What The Different Colored Starbucks Aprons Mean

DreamWorks' "Shrek 2" introduced audiences to the kingdom of Far Far Away, where modern businesses are given either a fairytale or a medieval makeover. During the film's climax, terrified citizens fled from an establishment called Farbucks and ran across the street to another Farbucks location.

While some of the children watching this movie might not make the connection, most adults will get the reference to Starbucks. After all, as Reuters has pointed out, Starbucks has more than 34,300 licensed and company-operated stores throughout the world. So, while it's unlikely you'll find two Starbucks directly across the street from one another, if you travel to places like Europe, the Middle East, Japan, the Caribbean, Canada, China, Latin America, Asia Pacific, or just within the United States, there's an excellent chance you'll find a Starbucks where apron-clad baristas are ready to take your order.

Now, if you're a regular Starbucks customer, you might have noticed that baristas don't always wear the same color aprons. In fact, you might find (for example) that the person who made your coffee and was wearing a green apron one week is now wearing a red one or an embroidered one. Like many successful businesses, this is not random but a deliberate choice that gives you helpful information.

Green Apron

Of course, the apron that pops into most people's minds when they think of Starbucks is the classic green apron. In fact, it wouldn't be unrealistic to say the green apron is as synonymous with Starbucks as its iconic siren logo. But that wasn't always the case.

According to the Starbucks website, the very first aprons worn at Starbucks when the first location opened in 1971 were brown aprons. Over the next 16 years, Starbucks expanded to 17 locations. But it wasn't until 1987 that Starbucks decided to change its look, mimicking Italian coffeehouses where patrons could order handcrafted beverages. This meant not only changes to the stores (like playing jazz or classical music), but also changes to the employees' "uniforms." Besides wearing white shirts and black bow ties, anyone working at Starbucks donned green aprons instead of brown ones.

Today, you probably won't see Starbucks baristas wearing black bow ties. This is because in 1992, the company became a public company, and they relaxed the dress code a bit (via Starbucks). "We wore our green apron with white, black and khaki," said Michelle Dougherty, who was a Starbucks barista in the 1990s. But even with this change, the green apron remained the standard one for this growing coffee chain.

Green Aprons with ASL Fingerspelling

As Starbucks has continued to expand its business, it's also tried to meet its customers' needs better. Case in point, it currently has 10 signing stores where its baristas are fluent in American Sign Language (ALS) via Starbucks. But how can you tell if a Starbucks location is a signing store? Well, a big clue is on the baristas' aprons.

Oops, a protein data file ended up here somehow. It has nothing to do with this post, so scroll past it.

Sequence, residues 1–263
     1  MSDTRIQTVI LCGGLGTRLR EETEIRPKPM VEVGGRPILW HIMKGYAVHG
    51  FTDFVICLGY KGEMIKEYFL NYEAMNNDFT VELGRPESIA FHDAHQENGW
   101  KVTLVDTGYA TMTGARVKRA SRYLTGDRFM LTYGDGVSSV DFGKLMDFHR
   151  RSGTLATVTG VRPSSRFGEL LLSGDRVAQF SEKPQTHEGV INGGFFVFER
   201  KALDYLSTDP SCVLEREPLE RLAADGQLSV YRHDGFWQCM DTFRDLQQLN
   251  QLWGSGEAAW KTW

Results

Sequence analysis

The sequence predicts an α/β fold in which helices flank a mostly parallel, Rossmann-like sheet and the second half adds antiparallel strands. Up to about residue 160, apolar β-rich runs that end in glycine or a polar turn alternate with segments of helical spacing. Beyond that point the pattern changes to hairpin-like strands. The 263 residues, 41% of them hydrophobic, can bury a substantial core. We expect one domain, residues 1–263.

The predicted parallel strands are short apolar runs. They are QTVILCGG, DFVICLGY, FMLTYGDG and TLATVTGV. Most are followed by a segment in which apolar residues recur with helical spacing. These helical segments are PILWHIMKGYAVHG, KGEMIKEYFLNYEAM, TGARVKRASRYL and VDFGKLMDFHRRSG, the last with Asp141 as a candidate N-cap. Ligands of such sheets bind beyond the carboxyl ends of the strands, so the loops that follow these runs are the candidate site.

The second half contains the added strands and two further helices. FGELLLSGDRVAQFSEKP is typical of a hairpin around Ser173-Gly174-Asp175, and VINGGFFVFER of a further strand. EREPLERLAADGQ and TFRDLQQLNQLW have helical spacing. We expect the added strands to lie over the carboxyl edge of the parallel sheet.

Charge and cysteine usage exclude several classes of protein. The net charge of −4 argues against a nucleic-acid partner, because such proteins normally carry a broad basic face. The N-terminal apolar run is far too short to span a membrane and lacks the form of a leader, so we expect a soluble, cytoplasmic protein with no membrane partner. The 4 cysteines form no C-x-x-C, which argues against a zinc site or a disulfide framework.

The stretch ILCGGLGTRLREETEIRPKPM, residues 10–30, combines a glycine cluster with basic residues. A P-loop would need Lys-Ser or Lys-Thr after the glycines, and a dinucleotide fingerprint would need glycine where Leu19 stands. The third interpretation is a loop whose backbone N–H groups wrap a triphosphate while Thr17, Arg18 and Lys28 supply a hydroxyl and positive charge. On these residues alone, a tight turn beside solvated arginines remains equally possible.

Although you'll see green aprons at signing stores, as the Starbucks website explains, baristas at these locations which are deaf have embroidered aprons that spell out the word "Starbucks" in ALS. But the apron isn't the only difference you might notice at a Starbucks signing store. For example, take the first one that opened in the United States. Besides specials, you'll probably see posted a "sign of the week," which shows the ALS sign for a word, according to ABC News. And if you're not fluent in sign language, don't worry. Customers visiting this location have the option of using tablets when ordering.

Besides details like embroidered aprons and tablets, Starbucks chose to open its first U.S. signing store near Gallaudet University, which is a school for students who either have partial hearing loss or are deaf, per ABC News. Actress Marlee Matlin supported the signing store in person and on Twitter. Recently, Matlin was in the film "CODA," which told the story of Ruby, a Child of Deaf Adults (via IMDb). "CODA" won the 2022 Oscar for Best Picture (per Oscar.com).

Black Apron

While Starbucks trains all of its baristas, if you get one wearing a black apron, you're in especially good hands. Why? Because these aprons are only given to baristas who have completed the Coffee Master program (via Starbucks).

To discuss the Coffee Master program, we need to talk about Starbucks Coffee Academy, which the Starbucks website explains is an education program currently available in 60 countries. Current course offerings for this program are three to five hours long and cover various coffee-related topics like how to best brew coffees, the different flavors and aromas, and ways to blend coffee, per Starbucks Global Academy. The courses also explore the history of growing and processing coffee and current ethical sourcing practices. Students of the program can also learn about crafting espresso drinks and how coffee growing methods vary from country to country.